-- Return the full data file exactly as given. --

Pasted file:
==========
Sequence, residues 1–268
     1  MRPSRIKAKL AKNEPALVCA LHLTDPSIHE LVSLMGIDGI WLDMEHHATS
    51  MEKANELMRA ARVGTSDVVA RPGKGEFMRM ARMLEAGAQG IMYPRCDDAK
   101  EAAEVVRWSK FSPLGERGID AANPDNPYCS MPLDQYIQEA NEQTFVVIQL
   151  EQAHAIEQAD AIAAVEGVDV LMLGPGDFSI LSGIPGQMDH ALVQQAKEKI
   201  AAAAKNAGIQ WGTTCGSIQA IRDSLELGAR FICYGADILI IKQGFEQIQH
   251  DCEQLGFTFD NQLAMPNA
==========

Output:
Sequence, residues 1–268
     1  MRPSRIKAKL AKNEPALVCA LHLTDPSIHE LVSLMGIDGI WLDMEHHATS
    51  MEKANELMRA ARVGTSDVVA RPGKGEFMRM ARMLEAGAQG IMYPRCDDAK
   101  EAAEVVRWSK FSPLGERGID AANPDNPYCS MPLDQYIQEA NEQTFVVIQL
   151  EQAHAIEQAD AIAAVEGVDV LMLGPGDFSI LSGIPGQMDH ALVQQAKEKI
   201  AAAAKNAGIQ WGTTCGSIQA IRDSLELGAR FICYGADILI IKQGFEQIQH
   251  DCEQLGFTFD NQLAMPNA